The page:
Japan Geoscience Union Meeting 2019

Presentation information

[J] Oral

S (Solid Earth Sciences ) » S-CG Complex & General

[S-CG54] Rheology, fracture and friction in Earth and planetary sciences

Tue. May 28, 2019 1:45 PM - 3:15 PM A09 (TOKYO BAY MAKUHARI HALL)

convener:Miki Tasaka(Shimane University), Osamu Kuwano(Japan Agency for Marine-Earth Science and Technology), Ichiko Shimizu(Division of Earth and Planetary Sciences, Graduate School of Science, Kyoto University), Hidemi Ishibashi(Faculty of Science, Shizuoka University), Chairperson:Miki Tasaka(島根大学 ), Hidemi Ishibashi(Shizuoka University)

2:00 PM - 2:15 PM

[SCG54-08] Strength of a deep fault zone along the Median Tectonic Line: Influence of chrolite friction

*Ichiko Shimizu1, Ayumi S. Okamoto, Andre R. Niemeijer2, Christopher J. Spiers2, Shun Arai3, Toru Takeshita4 (1.Division of Earth and Planetary Sciences, Graduate School of Science, Kyoto University, 2.Faculty of Geosciences, Utrecht University, 3.Tohoku University, 4.Hokkaido University)

Keywords:friction, fault strength, high-PT experiments

To explore the fault strength at the middle crustal levels, we conducted high-pressure hydrothermal experiments using natural fault rocks exposed along the Median Tectonic Line (MTL), focusing on the role of chlorite in fault weakening. Chlorite is a hydrous mineral commonly observed in basic metamorphic rocks and fault zones, and is known to have low friction coefficients around 0.3–0.4 at room temperature water saturated conditions (Behnsen and Faulkner, 2012), and about 0.3 at hydrothermal conditions (Okamoto et al., in review).

The experiments were performed on powdered samples of cataclasite and protomylonite, which are originated from tonalite or basic rocks in the Ryoke belt on the northern side of MTL. Cataclasites contain ~30 wt.% mica and clay minerals. Among them, chlorite-rich cataclasite (Chl-cataclasite) contains ~14 wt.% chlorite, and mica-rich cataclasite (Ms-cataclasite) contains ~14 wt.% white mica. Chlorite geothermometer (Bourdelle et al., 2013, CMP) yields a bimodal distribution (230–240°C and 290–340°C) for the protomylonite sample. The low-temperature chlorite occurs as blobs with the diameter of ~1–2 mm, which contain lamella of white mica. These chlorite grains are considered as pseudomorphs of biotite. The high-temperature chlorite filled fractures and interstice of grains. We therefore interpreted that brittle deformation first occurred at a temperature around 300°C and subsequent hydrothermal alteration occurred at 230–240°C. Chl-cataclasite also shows a bimodal temperature distribution (180–220°C and 240–300°C), although no clear relationships between temperatures and microstructures were found.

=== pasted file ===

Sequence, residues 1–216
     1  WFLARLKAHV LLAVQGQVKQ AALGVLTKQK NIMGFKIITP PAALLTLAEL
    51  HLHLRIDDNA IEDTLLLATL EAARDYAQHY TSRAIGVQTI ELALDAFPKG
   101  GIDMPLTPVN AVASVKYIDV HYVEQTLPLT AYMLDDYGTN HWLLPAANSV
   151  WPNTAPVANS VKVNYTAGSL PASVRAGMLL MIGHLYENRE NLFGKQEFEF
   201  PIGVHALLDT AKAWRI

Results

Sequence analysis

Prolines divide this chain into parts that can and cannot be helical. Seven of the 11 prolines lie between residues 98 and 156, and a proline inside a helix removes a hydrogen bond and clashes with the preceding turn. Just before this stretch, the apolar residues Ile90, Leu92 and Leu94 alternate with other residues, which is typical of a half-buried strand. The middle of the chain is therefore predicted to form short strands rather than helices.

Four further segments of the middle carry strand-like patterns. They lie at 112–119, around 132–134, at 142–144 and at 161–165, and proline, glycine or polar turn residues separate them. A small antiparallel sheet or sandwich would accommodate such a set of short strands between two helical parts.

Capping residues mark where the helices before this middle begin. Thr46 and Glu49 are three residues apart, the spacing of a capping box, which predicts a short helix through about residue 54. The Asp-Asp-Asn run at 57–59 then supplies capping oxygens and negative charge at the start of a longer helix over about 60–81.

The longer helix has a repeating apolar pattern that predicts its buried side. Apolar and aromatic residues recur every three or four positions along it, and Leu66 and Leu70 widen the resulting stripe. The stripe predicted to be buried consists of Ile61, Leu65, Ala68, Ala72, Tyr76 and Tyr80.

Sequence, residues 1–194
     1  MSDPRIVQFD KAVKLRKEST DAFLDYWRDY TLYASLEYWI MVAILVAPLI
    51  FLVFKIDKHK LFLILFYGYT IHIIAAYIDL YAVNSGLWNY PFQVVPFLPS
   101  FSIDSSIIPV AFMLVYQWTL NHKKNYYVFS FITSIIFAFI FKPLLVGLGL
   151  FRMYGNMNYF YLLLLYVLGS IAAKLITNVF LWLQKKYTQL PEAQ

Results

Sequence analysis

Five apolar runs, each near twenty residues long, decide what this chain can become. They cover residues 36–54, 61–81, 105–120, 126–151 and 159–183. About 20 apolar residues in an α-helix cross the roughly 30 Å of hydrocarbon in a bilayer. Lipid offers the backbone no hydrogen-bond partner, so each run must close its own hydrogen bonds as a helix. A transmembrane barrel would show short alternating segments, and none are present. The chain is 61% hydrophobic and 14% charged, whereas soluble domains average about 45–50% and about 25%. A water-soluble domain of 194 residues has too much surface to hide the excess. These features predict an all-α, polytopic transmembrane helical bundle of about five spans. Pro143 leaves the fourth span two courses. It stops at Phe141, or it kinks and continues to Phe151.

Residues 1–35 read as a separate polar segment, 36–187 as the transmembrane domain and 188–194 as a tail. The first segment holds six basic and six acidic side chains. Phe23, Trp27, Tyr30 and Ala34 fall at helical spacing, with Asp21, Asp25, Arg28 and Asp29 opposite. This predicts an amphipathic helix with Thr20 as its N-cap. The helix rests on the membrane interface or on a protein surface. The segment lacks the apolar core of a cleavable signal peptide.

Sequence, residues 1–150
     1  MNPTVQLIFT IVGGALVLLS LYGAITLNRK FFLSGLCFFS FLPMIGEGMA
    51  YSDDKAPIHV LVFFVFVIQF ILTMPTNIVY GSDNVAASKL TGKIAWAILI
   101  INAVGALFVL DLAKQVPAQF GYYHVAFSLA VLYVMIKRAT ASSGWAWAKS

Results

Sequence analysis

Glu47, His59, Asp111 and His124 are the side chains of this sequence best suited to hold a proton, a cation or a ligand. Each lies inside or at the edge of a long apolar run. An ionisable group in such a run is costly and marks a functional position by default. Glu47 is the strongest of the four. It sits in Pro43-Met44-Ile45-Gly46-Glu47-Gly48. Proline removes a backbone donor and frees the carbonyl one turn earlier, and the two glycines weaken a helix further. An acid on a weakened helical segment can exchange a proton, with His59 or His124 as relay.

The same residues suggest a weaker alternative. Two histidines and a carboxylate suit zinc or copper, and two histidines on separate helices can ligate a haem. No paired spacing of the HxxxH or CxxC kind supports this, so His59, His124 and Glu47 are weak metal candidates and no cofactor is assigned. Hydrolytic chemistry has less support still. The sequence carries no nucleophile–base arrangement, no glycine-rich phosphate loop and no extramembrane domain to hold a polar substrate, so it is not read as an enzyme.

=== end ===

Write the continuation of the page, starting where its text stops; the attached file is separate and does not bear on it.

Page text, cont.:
To simulate the deformation conditions at depth, friction experiments were conducted at temperature of 300°C, normal stress of 300 MPa, and pore fluid pressures of 120 MPa and 240 MPa, using the hydrothermal ring shear apparatus at Utrecht University. Sliding velocities were varied from 0.001 mm/s to 0.1 mm/s. The steady-state friction coefficients obtained for protomylonite were ~0.68, whereas those for Ms- and Chl-cataclasites were ~0.65 and ~0.56 at 120 MPa, and ~0.87 and ~0.66 at 240 MPa, respectively. Velocity stepping tests yielded velocity-weakening or neutral behaviours, although existing laboratory data for pure chlorite gouges mostly show velocity-strengthening behaviours. Our results indicate that fault strengths and sliding behaviours in the middle crusts are not drastically changed by the presence of phyllosilicates even if chlorite contents in fault zones are relatively high (<14 wt.%).